The Weaver’s House is a unique example of the 18th-century craftsman architecture. Located in Bielsko-Biała, it is situated in the Old Uptown in a log cabin with its characteristic hay store. The building is a museum branch belonging to the Museum in Bielsko-Biała.
The building functioned as a house and a workshop until the beginnings of the 20th century. The information about its tenants is incomplete. In the second half of the 18th century it certainly was the Bartke family’s and in the 19th century the Bathelts’. From 1873 the owner of the building was Carl Nowak and after his death - Marie, the widow. At the beginning of the 20th century it belonged to the local shoemaker, Antoni Polończyk After the World War II the building became a tenement house until Antoni’s son, Wiktor Polończyk, donated it to the Polish State in 1974 in order to establish a museum there. When in 1992 the long-lasting renovation works finished, the District Museum in Bielsko-Biała opened the exhibition to the public.
The Museum exhibition presents the interiors of the house and the workshop belonging to a guild master – the highest in rank guild representative. They show what it looked like at the turn of the 19th century, when the importance and greatness of the handicraft (in terms of the textile industry) lessened because of the sudden and rapid introduction of machines.
The hallway divides the building into two parts: the workshop on the left and the living area on the right. The workshop' is the largest room, containing objects connected with the weaver’s work. The most impressive is the large harness loom dating back to the 18th century used for making wool textiles and there are also devices used for warping. A part of this room was devoted for the office work which consisted in handling the guild matters and settling disputes between craftsmen. All documents, guild heirlooms and the iron coffer used as the guild strongbox are stored here. The workshop also served as an apprentice's bedroom, that is why there is some of his equipment next to the stove.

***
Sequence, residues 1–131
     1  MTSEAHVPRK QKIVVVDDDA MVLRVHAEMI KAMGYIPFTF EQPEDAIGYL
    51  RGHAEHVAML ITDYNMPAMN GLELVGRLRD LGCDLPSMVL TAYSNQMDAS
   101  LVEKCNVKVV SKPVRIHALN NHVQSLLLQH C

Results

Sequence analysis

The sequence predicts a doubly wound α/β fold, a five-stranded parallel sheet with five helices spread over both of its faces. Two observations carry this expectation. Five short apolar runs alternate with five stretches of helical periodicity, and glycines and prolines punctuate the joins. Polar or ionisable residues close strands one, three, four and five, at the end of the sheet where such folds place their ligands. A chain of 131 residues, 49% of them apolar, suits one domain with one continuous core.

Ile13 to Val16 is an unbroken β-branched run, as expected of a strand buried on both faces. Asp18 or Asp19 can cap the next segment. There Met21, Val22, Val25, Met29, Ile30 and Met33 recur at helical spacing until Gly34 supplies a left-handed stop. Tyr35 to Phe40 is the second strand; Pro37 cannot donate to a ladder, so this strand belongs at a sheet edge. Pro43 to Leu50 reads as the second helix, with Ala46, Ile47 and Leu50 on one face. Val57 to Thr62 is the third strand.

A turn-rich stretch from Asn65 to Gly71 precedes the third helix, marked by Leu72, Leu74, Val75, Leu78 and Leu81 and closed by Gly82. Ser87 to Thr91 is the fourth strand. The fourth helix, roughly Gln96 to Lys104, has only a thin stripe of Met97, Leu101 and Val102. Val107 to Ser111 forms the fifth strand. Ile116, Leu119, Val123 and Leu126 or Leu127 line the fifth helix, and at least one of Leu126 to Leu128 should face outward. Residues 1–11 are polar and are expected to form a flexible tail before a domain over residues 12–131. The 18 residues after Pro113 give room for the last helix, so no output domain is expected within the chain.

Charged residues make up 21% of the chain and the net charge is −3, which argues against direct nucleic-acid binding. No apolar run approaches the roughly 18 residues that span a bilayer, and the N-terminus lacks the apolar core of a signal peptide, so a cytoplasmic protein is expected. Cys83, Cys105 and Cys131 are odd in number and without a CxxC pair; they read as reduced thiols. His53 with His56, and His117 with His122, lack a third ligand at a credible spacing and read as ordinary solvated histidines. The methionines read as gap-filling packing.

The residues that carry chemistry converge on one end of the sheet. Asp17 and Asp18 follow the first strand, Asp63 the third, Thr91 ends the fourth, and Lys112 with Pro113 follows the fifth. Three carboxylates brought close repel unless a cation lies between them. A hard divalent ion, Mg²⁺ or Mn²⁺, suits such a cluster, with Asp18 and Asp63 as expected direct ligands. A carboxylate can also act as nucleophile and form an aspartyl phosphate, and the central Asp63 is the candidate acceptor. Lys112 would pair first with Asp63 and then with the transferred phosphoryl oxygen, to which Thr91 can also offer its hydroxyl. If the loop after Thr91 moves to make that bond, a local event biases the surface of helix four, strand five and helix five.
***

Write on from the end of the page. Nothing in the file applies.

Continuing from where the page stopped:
From the workshop the hallway leads to the kitchen - the place of everyday family and social life. This room holds dishes, kitchen utensils and everyday use objects as well as objects connected with weaving. There is a small loom (19th century) and the visitors have a chance to see how it works. Besides you can see a spinning wheel and a reel.
Next to the kitchen there is a bedroom and a sort of living room, used only on special occasions, whitewashed, arranged with veneered furniture from the turn of the 19th century.
As a supplement to the exhibition on the display there are Jan Wałach’s woodcuts presenting weavers at work.
Filip, Elżbieta Teresa Muzeum w Bielsku-Białej Dom Tkacza, 1st.Ed, Museum in Bielsko-Biała, Bielsko-Biała 2004 ISBN 83-88105-15-9
Kenig, Piotr & Chorąży, Bogusław Zarys Dziejów Bielskiego Przemysłu i Przewodnik po Ekspozycji Włókienniczej, 1st. Ed, Museum in Bielsko-Biała, Bielsko-Biała 2006, ISBN 83-88105-10-8.